Moderate alcohol consumption—up to one drink a day for women and two for men—may have beneficial effects on blood pressure. “But any more than that seems to do just the opposite,” says Dr. Goldberg. “We know that heavy drinking raises blood pressure, in addition to increasing your risk for other chronic conditions.”

This shouldn’t just be a concern for older adults or people who already have high blood pressure, either. A 2016 study found that 20-somethings who regularly binge drink were more likely than their moderately drinking peers to have prehypertension—a condition that can progress to full-blown hypertension.

Watch your coffee habit

“Moderate coffee intake doesn’t seem to make much of a difference in blood pressure levels,” says Dr. Bisognano, “but I do see more and more people drinking huge amounts of highly caffeinated beverages—and that very likely has a negative effect.” A few cups of coffee a day is fine for most people, he adds, but “if you measure coffee in pots, you could be in trouble.” Watch out for energy drinks, too, which have been shown to spike blood pressure and cause irregular heart rhythms.

Get outdoors

Low levels of vitamin D—which the body gets from fortified foods, supplements, or the skin’s exposure to sunlight—have been linked to high blood pressure. But most research has found that taking supplements doesn't seem to help. Dr. Bisognano says the jury’s still out on how the two are linked. “I have found that people with extremely low vitamin D levels can have high blood pressure that’s more difficult to treat,” he says, “but I can’t be sure whether that’s the driving issue.”

There are other reasons you may want to spend more time in the great outdoors, though. A 2014 study found that when the skin is exposed to sunlight, a chemical reaction causes blood vessels to widenand blood pressure to drop. And in a 2010 study, people who spent time in nature—walking in the forest as opposed to in an urban environment—saw greater reductions in their blood pressure, pulse rate, and stress hormones.

Get better sleep

If you’re not getting enough shuteye—either because you’re burning the midnight oil or you’re dealing with a sleep disorder—you may be at greater risk for high blood pressure. That makes sense, says Dr. Goldberg: People who are sleep deprived are more likely to overeat, crave junk food, gain weight, and feel stressed.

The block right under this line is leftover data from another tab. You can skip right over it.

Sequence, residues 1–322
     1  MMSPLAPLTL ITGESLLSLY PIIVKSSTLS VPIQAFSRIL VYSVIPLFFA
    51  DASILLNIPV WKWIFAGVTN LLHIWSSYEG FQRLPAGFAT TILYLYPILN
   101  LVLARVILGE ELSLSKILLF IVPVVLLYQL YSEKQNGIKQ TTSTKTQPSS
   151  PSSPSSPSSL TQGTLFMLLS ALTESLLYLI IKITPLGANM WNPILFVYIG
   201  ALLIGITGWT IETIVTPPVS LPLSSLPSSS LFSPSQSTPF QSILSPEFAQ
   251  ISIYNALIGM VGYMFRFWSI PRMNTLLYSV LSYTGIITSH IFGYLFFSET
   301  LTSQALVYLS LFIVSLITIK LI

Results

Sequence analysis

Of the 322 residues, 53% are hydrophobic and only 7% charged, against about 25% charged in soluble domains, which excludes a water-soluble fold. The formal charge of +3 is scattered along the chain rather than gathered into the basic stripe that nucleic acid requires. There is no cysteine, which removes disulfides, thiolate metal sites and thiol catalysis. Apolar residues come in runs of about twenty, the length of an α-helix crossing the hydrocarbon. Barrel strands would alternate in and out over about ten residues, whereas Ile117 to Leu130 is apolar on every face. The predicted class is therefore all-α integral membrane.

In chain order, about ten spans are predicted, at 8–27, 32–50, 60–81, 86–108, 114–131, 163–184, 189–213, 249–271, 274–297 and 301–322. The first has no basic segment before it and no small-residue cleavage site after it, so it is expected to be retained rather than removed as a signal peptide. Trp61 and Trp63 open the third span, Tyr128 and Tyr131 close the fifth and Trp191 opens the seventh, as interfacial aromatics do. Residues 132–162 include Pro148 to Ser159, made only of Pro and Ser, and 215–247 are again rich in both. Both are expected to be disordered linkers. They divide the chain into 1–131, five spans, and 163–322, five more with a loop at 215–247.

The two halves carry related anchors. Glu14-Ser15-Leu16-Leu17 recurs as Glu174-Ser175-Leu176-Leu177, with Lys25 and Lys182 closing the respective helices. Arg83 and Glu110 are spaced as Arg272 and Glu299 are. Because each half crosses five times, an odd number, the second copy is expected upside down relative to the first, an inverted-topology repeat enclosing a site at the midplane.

In one 2009 study, every hour less of average sleep duration per night was associated with a 37% increase in the odds of developing hypertension over five years. In another report from 2015, people with sleep apnea—a dangerous condition that can cause hypertension in itself—saw reductions in their blood pressure when they were treated with continuous positive airway pressure (CPAP) machines or mandibular advancement devices (MADs).

Try acupuncture

Acupuncture might help lower blood pressure, according to a small 2015 study, though the authors say more research is needed to know for sure. Participants had 30 minutes a week of electroacupuncture—in which the needles carry low-level electrical currents—for eight weeks, focusing on their inner wrists and their legs below their knees.

This group saw reductions of 6 to 8 points for systolic blood pressure and 4 points for diastolic blood pressure, compared to another group whose treatment focused on other body parts and who saw no change. Some participants saw further drops when they followed up with monthly treatments for six more months.

Lend a helping hand

Being generous with your time, money, or your talents can do more than make you feel good; a 2006 study found that people who gave social support to those in their social networks had lower blood pressure than those who didn’t.

Other research shows that volunteering and helping others can lower stress levels and boost happiness, which may have long-term effects on your blood pressure, as well.

Take a nap

Napping may do your heart some good. Adults with high blood pressure who took hour-long naps every day saw their systolic blood pressure drop an average of 5% over the course of the day in a 2015 study, compared to those who didn’t rest. Those who napped also had to take fewer blood pressure medications than those who didn’t, and seemed to have less damage to their arteries and their heart. The study was only able to show a correlation between napping and blood pressure reduction, but the authors say that the results do suggest a benefit to afternoon siestas.

Consider other health issues

“Go over your medical history and any drugs and supplements you’re taking with your doctor,” says Dr. Goldberg. “Sometimes you can be on medicines that raise your blood pressure, or you can have an underlying condition—like a thyroid imbalance or a kidney obstruction—that needs to be treated.”

Drugs that can cause hypertension include acetaminophen, nonsteroidal anti-inflammatories (NSAIDs), antidepressants, corticosteroids, birth control pills and other hormones, migraine medications, nasal decongestants, and over-the-counter cough and cold medicines. Don’t stop taking a medicine without talking with your doctor first; you may be able to take a replacement or adjust your dosage.

Get friends and family on board

Need help enforcing these lifestyle strategies? Tell friends, family, and coworkers that you’re working hard to keep your blood pressure or your weight down, and ask them for your support.

“When you let people know that these goals are important to your health, most of the time they’ll go along with it,” says Dr. Bisognano. “They won’t pressure you to eat a third piece of pizza or to accept a special pie they baked just for you.” You may even encourage to adopt healthy habits, too!


By: Amanda MacMillan